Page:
If our skin isn’t properly protected with the right level of moisture and the right level of acidity, then it can’t do its job. Toners restore the skin’s pH balance so it can fend off itself from bacteria and pollutants.
How to Apply Toners
If you’re going to apply a toner, you can use a cotton pad or use your hands. For cotton pads, you swipe them outward and upward. If you’re gonna use your hands, you can put it on your palm then pat it in. You will love the patting method because it is very hydrating and very calming.
If you’re using a toner as a way to cleanse, as a second or third step of cleansing, using a cotton pad will help remove all the impurities. If you’re just using your hand, it won’t do that. You can also do both. First, use cotton pads and then pat it in.
Best Toners for Large Pores, Dull Skin, Oily Skin, or Dry Skin
Best Toners for Large Pores
If you have large pores, you want to look for toners that have AHAs or Alpha hydroxy acid to help reduce the size and appearance of the pores. REN Ready Steady Glow Daily AHA Tonic works wonders.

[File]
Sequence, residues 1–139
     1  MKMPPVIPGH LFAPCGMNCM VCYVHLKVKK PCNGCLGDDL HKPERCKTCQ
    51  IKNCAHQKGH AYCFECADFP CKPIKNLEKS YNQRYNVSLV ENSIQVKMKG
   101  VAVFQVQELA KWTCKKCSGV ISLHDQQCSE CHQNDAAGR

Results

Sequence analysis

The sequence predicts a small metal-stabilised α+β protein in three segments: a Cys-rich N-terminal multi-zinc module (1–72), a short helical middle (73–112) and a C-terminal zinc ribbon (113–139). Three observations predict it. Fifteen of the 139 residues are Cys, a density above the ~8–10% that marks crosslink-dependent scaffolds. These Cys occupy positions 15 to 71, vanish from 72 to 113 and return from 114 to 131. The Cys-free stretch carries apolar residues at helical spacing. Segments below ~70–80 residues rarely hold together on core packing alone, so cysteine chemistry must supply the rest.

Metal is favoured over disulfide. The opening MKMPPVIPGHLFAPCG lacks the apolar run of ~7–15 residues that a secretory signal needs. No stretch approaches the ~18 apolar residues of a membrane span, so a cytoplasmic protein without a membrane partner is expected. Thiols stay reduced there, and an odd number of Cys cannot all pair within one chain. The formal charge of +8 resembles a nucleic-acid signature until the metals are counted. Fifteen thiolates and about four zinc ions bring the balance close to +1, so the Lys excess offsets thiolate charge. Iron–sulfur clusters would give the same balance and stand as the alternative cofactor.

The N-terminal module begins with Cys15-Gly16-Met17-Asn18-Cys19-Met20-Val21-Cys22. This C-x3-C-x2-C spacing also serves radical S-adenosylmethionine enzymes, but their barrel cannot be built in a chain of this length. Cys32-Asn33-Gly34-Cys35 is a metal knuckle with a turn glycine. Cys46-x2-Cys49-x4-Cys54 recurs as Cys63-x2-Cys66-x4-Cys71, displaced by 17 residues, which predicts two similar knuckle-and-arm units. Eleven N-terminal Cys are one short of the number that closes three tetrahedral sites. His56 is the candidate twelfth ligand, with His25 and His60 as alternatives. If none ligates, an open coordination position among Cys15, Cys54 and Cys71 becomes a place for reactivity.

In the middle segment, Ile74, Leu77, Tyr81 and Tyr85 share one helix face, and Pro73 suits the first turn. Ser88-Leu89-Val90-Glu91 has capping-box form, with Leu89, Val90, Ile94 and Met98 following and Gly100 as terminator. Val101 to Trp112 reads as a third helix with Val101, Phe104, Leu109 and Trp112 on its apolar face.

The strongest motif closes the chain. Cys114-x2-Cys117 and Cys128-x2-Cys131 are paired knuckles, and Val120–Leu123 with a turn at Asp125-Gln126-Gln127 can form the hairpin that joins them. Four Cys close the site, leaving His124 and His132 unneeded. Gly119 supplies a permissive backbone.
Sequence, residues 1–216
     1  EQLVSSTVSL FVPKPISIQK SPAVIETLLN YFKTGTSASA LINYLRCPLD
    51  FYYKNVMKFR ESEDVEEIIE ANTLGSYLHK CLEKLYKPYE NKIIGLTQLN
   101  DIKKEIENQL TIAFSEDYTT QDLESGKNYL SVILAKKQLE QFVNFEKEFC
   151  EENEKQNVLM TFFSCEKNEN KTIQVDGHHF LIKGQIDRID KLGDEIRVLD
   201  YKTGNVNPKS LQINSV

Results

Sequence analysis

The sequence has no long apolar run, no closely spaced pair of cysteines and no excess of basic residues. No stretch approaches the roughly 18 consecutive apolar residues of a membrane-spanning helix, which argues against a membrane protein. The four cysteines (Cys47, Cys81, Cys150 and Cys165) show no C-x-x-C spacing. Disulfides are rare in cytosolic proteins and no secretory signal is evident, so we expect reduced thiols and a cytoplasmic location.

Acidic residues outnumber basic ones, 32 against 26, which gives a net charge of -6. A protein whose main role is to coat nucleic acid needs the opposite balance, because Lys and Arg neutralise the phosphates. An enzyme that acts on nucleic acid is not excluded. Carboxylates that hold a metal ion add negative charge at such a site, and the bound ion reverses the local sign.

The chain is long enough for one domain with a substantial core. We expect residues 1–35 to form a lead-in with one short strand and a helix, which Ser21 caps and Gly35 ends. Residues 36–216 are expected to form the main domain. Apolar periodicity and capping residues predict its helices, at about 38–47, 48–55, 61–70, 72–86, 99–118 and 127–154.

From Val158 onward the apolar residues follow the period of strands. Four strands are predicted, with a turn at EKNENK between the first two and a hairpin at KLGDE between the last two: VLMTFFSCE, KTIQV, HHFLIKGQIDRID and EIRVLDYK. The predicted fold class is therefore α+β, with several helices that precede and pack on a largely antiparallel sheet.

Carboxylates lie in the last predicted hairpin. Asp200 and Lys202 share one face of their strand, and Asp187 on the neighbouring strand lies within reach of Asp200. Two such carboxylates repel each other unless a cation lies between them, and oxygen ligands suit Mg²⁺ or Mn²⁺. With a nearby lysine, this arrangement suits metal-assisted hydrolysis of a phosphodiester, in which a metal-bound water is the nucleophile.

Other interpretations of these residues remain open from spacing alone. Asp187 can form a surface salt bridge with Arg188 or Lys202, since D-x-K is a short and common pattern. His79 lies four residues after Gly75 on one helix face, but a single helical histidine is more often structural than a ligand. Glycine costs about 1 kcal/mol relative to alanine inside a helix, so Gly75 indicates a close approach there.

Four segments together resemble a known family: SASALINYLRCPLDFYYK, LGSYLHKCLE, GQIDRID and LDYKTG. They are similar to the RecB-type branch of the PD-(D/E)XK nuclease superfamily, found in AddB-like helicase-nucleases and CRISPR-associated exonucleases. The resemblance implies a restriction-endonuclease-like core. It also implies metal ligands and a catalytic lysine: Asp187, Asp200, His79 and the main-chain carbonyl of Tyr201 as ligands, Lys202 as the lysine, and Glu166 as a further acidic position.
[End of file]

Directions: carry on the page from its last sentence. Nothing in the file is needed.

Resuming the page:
Then there’s the Krave Beauty Kale-Lalu-yAHA, which has AHA as well as hyaluronic acid. Hyaluronic acid is good for replenishing and hydration.
If you have big pores, try AHAs because they’re gentle chemical exfoliants. There’s the Pixi Glow Tonic, which made my pores look smaller and doesn’t dry out my skin.
There’s also the Witch Hazel by Thayers, which is one of the best toners for large pores. It is really popular on Amazon with ten thousand reviews. Witch Hazel is good for inflammation as well.
Toners for Dull Skin
If you have dull skin, toners with natural exfoliants like papaya and lactic acid are great for brightening the skin.
The Ordinary contains 5 percent lactic acid and two percent hyaluronic acid, and if you’re just into AHAs, this is a gentle one to use. It’s good for brightening and improving the texture of the skin.
You can also try the Indie Lee CoQ-10 Toner and Burts Bees Brightening Refining Tonic, which both help improve the appearance of surface dullness, revealing a more even skin tone.